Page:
The Box Canyon ruins are typical of many pueblos found in this region. Early inhabitants constructed walls of nearby sandstone and limestone, and used local soils to cement the stones together. The flat roofs were built of timbers laid side-by-side, covered with smaller branches and finally plastered over with mud.Smoke was vented from the rooms...

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  • The Citadel~

    The Citadel~It was a remarkable achievement, to use primitive mortar and local stones to build the walls above you straight up from the edge of the top of the rock. “The Citadel” is the modern name given to this ruin because of its location, but archeologists wonder why the Anasazi often built in high, hard-to-get-at places. Some theories say it...

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  • Nalakihu Pueblo~

    Nalakihu - A modern Hopi name, "House Outside the Village"Farmers lived here about 800 years ago. (Roof beams gave tree ring dates in the late 1100s.) The way the walls join show this small pueblo was not built all at once, but was added onto. Roof remains indicated parts were two stories high. The pottery seems the same as that from the large ruin...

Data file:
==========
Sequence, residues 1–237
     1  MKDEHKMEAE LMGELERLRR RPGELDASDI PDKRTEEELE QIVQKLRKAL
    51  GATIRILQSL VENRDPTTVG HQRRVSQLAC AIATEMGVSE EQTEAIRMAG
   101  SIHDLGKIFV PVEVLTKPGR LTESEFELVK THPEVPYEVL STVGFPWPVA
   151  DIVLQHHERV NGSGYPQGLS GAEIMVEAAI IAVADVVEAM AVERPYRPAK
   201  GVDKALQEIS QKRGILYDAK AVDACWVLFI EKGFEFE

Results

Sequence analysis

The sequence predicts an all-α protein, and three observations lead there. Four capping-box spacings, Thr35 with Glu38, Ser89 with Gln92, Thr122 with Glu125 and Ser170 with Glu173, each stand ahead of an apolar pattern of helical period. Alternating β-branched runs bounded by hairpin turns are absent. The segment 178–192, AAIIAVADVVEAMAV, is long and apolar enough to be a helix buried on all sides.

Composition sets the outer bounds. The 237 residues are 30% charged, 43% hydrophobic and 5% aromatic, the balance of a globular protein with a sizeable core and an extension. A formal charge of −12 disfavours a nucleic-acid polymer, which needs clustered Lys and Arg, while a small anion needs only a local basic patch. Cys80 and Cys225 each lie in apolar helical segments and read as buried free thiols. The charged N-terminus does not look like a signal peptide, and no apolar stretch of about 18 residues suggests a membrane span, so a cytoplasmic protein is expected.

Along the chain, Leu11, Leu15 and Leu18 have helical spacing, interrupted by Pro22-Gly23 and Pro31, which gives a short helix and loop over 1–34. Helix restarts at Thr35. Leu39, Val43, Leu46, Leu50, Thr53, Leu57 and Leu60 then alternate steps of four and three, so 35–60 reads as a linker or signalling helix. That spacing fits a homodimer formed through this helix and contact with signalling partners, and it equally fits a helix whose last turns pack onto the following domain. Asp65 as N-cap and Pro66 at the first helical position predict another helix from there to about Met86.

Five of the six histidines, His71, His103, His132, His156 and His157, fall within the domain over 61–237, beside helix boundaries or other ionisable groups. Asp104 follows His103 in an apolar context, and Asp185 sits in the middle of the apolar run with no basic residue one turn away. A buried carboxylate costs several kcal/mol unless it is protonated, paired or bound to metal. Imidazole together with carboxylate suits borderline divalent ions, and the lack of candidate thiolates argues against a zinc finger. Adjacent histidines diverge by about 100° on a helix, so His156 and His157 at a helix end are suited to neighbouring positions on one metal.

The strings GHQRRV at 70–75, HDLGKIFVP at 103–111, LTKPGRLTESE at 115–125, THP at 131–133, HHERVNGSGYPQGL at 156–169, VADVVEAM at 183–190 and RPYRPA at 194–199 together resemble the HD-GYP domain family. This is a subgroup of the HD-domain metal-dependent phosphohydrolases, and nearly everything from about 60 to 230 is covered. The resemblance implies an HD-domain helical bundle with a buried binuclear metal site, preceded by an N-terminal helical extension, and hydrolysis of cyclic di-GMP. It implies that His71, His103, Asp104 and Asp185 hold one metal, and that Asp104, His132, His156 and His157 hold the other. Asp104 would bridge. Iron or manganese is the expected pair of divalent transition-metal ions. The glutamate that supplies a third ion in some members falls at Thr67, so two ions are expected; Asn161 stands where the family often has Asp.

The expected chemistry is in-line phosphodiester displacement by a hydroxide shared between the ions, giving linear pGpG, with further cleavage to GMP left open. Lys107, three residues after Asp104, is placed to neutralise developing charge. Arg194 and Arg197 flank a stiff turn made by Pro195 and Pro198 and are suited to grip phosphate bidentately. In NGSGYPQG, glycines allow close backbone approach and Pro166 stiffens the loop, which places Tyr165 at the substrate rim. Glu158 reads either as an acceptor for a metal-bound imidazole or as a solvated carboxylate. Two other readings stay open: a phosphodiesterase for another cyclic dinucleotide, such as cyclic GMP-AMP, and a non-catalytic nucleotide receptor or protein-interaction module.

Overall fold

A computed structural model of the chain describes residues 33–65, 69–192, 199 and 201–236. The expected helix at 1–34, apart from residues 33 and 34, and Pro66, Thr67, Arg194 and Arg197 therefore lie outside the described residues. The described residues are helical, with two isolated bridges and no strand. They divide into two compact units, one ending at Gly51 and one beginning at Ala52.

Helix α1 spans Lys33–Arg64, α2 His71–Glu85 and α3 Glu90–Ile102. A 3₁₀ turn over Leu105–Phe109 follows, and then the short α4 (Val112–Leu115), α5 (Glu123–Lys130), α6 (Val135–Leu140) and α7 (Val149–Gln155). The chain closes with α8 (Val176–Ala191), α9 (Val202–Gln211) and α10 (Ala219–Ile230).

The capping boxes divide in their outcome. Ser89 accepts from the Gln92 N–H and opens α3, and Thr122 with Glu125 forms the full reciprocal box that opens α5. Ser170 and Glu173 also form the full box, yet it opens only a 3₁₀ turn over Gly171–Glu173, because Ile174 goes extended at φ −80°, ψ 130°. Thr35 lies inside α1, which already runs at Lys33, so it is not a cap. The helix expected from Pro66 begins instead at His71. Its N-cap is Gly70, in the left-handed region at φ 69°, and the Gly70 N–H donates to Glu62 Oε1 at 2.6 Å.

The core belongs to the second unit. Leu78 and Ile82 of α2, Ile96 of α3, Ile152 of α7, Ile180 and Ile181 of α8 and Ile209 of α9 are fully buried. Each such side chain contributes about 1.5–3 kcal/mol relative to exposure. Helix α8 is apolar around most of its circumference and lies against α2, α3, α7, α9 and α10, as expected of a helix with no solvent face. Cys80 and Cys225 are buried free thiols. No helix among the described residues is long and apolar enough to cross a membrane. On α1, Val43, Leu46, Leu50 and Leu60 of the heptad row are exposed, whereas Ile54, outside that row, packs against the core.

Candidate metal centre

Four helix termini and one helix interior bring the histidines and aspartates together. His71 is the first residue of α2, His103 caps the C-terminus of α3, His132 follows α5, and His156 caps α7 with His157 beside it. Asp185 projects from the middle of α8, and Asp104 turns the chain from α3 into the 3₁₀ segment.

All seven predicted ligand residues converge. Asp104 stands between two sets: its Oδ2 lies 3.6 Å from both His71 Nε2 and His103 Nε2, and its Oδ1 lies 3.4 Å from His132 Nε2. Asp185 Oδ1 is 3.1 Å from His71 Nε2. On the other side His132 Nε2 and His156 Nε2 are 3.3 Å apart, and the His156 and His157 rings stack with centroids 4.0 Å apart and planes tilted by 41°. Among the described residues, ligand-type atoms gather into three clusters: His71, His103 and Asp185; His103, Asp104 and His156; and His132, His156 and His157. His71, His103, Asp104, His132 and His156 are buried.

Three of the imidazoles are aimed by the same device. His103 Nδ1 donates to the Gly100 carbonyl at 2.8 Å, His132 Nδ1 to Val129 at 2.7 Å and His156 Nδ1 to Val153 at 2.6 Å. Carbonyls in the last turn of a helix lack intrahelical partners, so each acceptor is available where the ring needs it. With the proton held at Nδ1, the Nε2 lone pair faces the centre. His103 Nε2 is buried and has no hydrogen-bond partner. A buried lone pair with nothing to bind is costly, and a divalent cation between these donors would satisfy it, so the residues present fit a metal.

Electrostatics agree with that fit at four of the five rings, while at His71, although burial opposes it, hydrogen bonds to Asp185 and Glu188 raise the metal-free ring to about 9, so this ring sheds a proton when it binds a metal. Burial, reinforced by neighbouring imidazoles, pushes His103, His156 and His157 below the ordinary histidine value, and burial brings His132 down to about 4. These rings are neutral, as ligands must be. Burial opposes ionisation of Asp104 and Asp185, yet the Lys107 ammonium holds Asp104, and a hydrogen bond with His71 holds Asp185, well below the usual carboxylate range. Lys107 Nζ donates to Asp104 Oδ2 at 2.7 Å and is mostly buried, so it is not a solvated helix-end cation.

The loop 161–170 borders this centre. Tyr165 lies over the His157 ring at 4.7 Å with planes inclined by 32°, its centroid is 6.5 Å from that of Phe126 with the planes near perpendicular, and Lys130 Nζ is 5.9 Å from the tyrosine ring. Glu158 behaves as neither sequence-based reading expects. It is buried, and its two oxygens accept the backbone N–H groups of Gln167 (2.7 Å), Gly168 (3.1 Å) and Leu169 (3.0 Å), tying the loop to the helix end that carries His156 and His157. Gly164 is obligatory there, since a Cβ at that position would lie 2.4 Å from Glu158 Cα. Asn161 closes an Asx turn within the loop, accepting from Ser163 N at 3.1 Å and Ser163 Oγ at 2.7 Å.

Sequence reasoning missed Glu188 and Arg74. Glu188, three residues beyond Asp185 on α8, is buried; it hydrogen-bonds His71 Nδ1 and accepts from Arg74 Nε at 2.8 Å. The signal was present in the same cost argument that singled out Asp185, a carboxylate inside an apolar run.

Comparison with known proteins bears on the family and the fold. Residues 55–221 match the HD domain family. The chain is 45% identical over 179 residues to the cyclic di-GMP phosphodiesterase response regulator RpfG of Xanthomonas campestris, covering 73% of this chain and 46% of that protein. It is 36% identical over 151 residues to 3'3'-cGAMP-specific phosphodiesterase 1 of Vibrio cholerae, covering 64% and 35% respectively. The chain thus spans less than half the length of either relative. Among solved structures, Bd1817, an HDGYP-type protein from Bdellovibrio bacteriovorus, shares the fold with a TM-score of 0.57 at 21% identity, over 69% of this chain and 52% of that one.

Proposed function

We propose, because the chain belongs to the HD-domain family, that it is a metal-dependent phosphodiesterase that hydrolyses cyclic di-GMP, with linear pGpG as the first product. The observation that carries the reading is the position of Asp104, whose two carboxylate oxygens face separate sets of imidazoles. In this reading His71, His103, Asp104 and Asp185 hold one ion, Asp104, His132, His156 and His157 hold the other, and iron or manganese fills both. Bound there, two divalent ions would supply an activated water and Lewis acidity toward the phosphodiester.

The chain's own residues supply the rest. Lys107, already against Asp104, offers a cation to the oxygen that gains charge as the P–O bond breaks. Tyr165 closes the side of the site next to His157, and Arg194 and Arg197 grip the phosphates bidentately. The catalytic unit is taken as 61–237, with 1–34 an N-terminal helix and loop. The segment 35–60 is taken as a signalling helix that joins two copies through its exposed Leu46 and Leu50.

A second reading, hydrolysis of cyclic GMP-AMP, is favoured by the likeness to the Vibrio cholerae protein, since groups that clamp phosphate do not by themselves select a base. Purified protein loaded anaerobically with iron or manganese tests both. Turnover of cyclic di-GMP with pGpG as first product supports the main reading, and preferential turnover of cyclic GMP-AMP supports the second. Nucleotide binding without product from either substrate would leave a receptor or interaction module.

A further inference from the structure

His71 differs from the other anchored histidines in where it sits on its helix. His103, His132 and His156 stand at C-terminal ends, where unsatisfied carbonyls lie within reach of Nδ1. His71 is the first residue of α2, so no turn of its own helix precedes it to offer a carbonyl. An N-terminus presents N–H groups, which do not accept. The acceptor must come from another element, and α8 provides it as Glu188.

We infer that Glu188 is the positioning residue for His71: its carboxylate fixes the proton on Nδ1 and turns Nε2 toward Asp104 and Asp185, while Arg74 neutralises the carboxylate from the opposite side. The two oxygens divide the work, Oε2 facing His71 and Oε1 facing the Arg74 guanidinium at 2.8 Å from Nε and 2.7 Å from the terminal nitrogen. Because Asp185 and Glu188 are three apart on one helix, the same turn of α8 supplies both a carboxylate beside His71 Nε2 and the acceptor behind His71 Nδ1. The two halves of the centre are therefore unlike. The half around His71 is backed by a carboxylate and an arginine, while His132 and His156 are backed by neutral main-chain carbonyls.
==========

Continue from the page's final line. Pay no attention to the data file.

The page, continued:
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  • Wupatiki Pueblo~

    You can purchase a trail guide within the visitor center for just $1.00. This is the largest pueblo within the park.Between 1100 and 1200, more people lived in this area than ever before, or since. Located along routes linking large populations to the northeast and south, villages here were well situated for trade. As people, goods, and ideas...

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  • Wupatiki National Monument Visitor...

    Visitor centers are always a wealth of information with wonderful friendly staff to help, a great gift/books store and some really educational displays available too. One of the welcoming rangers offer me a Wupatki Pueblo Trail Guide to use free while exploring the Wupatki Pueblo and if I like it I could buy it for only $1.00. I bought anyways just...

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  • Wukoki Pueblo~